On our first evening at Casa Las Magnolias, we gathered on the terrace with the twinkling vista of San Salvador spread out below us. Our lesson was Isaiah 6:8-13, and we struggled with passages like Tell the people to be ever hearing, but never understanding… Make the heart of this people calloused; make their ears dull and close their eyes…
We struggled because it seemed obvious to us that we would WANT people to see with their eyes, hear with their ears, understand with their hearts, turn and be healed.
But at hearing the question: Why do you think you were called to come to El Salvador this year? Many of us were clear: We came to see our friend Christian Chavarría Ayala ordained.
Two days later, we squeezed into La Resurrección for the dedication of the new cathedral building, a place that began in 1982 as a school then a clinic, and the ordination of Christian and 13 other pastors.
As we sat thigh-to-thigh or stood leaning against walls or peered through the chicken wire stretched over the windows, God’s spirit was seen, heard, and felt.
We heard it in the story of the people who were kidnapped by the Death Squad, sent into exile or jail. We felt it in the presence of the Lutheran bishops as well as the Catholic archbishop. And we saw the Holy Spirit in the form of a dove (Matthew 3:16, Luke 3:22) fly into the sanctuary at key moments.
The dove first appeared during the bishop’s sermon. It flew in through the door and rested in an alcove above the altar as Bishop Medardo Goméz spoke of this place, built on God and for God, for a mere $26,000 and mostly volunteer labor. Indeed, although it still needs windows and doors, a few loose ends tightened, La Resurrección is a miracle in the spirit of trust in the Lord.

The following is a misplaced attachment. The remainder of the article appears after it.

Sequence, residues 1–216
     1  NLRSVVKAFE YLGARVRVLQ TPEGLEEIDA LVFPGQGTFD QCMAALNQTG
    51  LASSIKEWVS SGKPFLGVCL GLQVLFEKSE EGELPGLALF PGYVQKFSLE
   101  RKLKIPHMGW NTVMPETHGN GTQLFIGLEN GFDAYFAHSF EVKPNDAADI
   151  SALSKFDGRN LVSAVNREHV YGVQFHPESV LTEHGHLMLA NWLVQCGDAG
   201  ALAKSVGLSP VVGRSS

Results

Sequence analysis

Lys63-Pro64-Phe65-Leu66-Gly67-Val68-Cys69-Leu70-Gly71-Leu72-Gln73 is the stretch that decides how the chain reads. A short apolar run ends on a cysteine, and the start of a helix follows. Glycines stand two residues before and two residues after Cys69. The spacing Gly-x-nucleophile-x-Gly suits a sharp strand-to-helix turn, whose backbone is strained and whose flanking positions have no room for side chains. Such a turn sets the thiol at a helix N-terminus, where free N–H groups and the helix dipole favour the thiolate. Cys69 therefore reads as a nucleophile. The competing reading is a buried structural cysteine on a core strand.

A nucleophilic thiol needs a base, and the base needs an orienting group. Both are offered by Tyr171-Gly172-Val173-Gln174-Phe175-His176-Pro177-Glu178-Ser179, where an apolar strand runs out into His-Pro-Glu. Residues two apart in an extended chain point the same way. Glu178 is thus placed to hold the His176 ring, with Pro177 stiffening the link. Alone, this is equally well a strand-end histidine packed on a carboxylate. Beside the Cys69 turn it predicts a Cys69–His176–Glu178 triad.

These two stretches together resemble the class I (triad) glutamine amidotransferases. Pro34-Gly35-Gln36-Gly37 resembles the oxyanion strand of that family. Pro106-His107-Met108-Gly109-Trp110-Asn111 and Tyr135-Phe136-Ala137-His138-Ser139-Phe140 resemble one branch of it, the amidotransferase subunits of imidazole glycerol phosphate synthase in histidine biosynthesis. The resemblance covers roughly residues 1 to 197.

During the ordination, the dove returned again as the new pastors were given their stoles, green for Pentecost, and thus accepted their yoke of responsibility. It returned as they were given their plain wooden crosses and their Bibles. It flew in again to confirm the bishop’s pronouncement: “You are now with the Lord.”
Los Consagración de Presbiteros(as) included men and women of varying experiences and ages: Belinda Fernández, Wilber Franciso Carrillos, José David Medrano García, Margarita Moreno, Ivonn Jiménez, Ivomne Turcios de Pacheco, Cruz Calles, Christian Chavarría, Arisbé Abelina Gómez Centeno, Cinthia Fernández de Jonke, Alcides Abarca, Atilio Martínez López, Gloria de Orantes, Martina Arévalo.
Indeed, out of the ruins of the cities, the houses left deserted, the fields ruined and ravaged, and the land utterly forsaken, the Salvadoran Lutheran Church has become the holy seed that grows into the stump in the land. From the devastation of the civil war through today, it acts as a powerful symbol of change and empowerment of people as it continues to support the children, fight for minimum wage, and protect the waters.
And now there are 14 newly ordained pastors, each bringing his or her vision to the people.
Submitted by Karen J. Cantrell